We must begin by frankly admitting that the first place in which to go looking for the world is not outside us but in ourselves. We are the world. In the deepest ground of our being we remain in metaphysical contact with the whole of that creation in which we are only small parts. Through our senses and our minds, our loves, needs, and desires, we are implicated, without possibility of evasion, in this world of matter and of men, of things and of persons, which not only affect us and change our lives but are also affected and changed by us…The question, then, is not to speculate about how we are to contact the world – as if we were somehow in outer space – but how to validate our relationship, give it a fully honest and human significance, and make it truly productive and worthwhile for our world.
When people are truly in love, they experience far more than just a mutual need for each other’s company and consolation. In their relation with each other they become different people: they are more than their everyday selves, more alive, more understanding, more enduring, and seemingly more endowed. They are made over into new beings. They are transformed by the power of their love.
You do not need to know precisely what is happening, or exactly where it is all going. What you need is to recognize the possibilities and challenges offered by the present moment, and to embrace them with courage, faith and hope.
The greatest need of our time is to clean out the enormous mass of mental and emotional rubbish that clutters our minds.
The man who fears to be alone will never be anything but lonely, no matter how much he may surround himself with people. But the man who learns, in solitude and recollection, to be at peace with his own loneliness, and to prefer its reality to the illusion of merely natural companionship, comes to know the invisible companionship of God. Such a one is alone with God in all places, and he alone truly enjoys the companionship of other men, because he loves them in God in Whom their presence is not tiresome, and because of Whom his own love for them can never know satiety.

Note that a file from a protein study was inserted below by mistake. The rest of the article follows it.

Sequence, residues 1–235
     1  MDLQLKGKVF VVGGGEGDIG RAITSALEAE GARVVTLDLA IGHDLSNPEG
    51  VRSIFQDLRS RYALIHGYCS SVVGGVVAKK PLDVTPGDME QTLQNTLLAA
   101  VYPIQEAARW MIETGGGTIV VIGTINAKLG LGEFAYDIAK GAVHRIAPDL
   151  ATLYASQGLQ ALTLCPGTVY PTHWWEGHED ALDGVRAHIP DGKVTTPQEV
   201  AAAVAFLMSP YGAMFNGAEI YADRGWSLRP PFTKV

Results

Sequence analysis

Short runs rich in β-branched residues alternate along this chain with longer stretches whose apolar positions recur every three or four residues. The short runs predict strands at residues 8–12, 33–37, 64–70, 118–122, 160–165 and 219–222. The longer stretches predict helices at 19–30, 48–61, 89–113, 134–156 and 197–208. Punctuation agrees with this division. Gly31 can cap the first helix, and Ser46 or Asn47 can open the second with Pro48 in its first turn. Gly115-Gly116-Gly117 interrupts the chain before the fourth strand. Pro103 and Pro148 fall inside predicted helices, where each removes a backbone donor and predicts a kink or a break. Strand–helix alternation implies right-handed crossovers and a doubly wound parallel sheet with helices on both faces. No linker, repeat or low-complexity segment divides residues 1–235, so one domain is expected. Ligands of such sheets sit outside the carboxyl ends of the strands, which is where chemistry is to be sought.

The question of love is one that cannot be evaded. Whether or not you claim to be interested in it from the moment you are alive you are bound to be concerned with love because love is not just something that happens to you: It is a certain special way of being alive. Love is in fact an intensification of life a completeness a fullness a wholeness of life.
The true way is just the opposite: the more I am able to affirm others, to say ‘yes’ to them in myself, by discovering them in myself and myself in them, the more real I am. I am fully real if my own heart says yes to everyone.
There is a silent self within us whose presence is disturbing precisely because it is so silent: it can’t be spoken. It has to remain silent. To articulate it, to verbalize it, is to tamper with it, and in some ways to destroy it.
This then is what it means to seek God perfectly: to withdraw from illusion and pleasure, from worldly anxieties and desires, from the works that God does not want, from a glory that is only human display; to keep my mind free from confusion in order that my liberty may be always at the disposal of His will; to entertain silence in my heart and listen for the voice of God; to cultivate an intellectual freedom from the images of created things in order to receive the secret contact of God in obscure love; to love all men as myself.
Ultimately, these cannot be found anywhere except in the ground of our own being. There in the silent depths, there is no more distinction between the ‘I’ and the ‘Not-I’. There is perfect peace, because we are grounded in infinite creative and redemptive Love.
We cannot master everything, taste everything, understand everything, drain every experience to its last dregs. But if we have the courage to let almost everything else go, we will probably be able to retain the one thing necessary for us—whatever it may be. If we are too eager to have everything, we will almost certainly miss even the one thing we need. Happiness consists in finding out precisely what the “one thing necessary” may be, in our lives, and in gladly relinquishing all the rest. For then, by a divine paradox, we find that everything else is given us together with the one thing we needed.
We must make the choices that enable us to fulfill the deepest capacities of our real selves.
When society is made up of men who know no interior solitude it can no longer be held together by love: and consequently it is held together by a violent and abusive authority. But when men are violently deprived of the solitude and freedom which are their due, then society in which they live becomes putrid, it festers with servility, resentment and hate.
You have got me walking up and down all day under those trees, saying to me over and over again, Solitude, solitude. And You have turned around and thrown the world in my lap. You have told me, Leave all things and follow me, and then You have tied half of New York to my foot like a ball and chain. You have got me kneeling behind that pillar with my mind making a noise like a bank. Is that contemplation?
The greatest need of our time is to clean out the enormous mass of mental and emotional rubbish that clutters our minds and makes of all political and social life a mass illness. Without this housecleaning we cannot begin to see. Unless we see, we cannot think.
The married man and the mother of a family, if they are faithful to their obligations, will fulfill a mission that is as great as it is consoling: that of bringing into the world and forming young souls capable of happiness and love, souls capable of sanctification and transformation.